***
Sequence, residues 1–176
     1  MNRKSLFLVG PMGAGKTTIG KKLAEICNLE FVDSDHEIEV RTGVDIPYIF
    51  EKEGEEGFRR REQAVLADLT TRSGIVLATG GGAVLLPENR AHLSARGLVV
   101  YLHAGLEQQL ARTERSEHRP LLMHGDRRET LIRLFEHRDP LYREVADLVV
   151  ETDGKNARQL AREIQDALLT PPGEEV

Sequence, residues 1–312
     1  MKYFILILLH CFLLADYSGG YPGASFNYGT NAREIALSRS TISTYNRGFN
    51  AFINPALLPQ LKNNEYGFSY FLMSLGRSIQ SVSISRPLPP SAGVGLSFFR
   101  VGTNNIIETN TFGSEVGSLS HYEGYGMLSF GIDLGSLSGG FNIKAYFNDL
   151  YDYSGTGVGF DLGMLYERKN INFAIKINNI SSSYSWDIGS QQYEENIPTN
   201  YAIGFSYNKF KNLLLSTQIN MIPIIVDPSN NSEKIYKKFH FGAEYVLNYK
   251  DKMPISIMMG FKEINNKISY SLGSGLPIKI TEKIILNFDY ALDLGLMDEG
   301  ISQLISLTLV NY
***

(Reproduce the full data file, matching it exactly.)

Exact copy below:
Sequence, residues 1–176
     1  MNRKSLFLVG PMGAGKTTIG KKLAEICNLE FVDSDHEIEV RTGVDIPYIF
    51  EKEGEEGFRR REQAVLADLT TRSGIVLATG GGAVLLPENR AHLSARGLVV
   101  YLHAGLEQQL ARTERSEHRP LLMHGDRRET LIRLFEHRDP LYREVADLVV
   151  ETDGKNARQL AREIQDALLT PPGEEV

Sequence, residues 1–312
     1  MKYFILILLH CFLLADYSGG YPGASFNYGT NAREIALSRS TISTYNRGFN
    51  AFINPALLPQ LKNNEYGFSY FLMSLGRSIQ SVSISRPLPP SAGVGLSFFR
   101  VGTNNIIETN TFGSEVGSLS HYEGYGMLSF GIDLGSLSGG FNIKAYFNDL
   151  YDYSGTGVGF DLGMLYERKN INFAIKINNI SSSYSWDIGS QQYEENIPTN
   201  YAIGFSYNKF KNLLLSTQIN MIPIIVDPSN NSEKIYKKFH FGAEYVLNYK
   251  DKMPISIMMG FKEINNKISY SLGSGLPIKI TEKIILNFDY ALDLGLMDEG
   301  ISQLISLTLV NY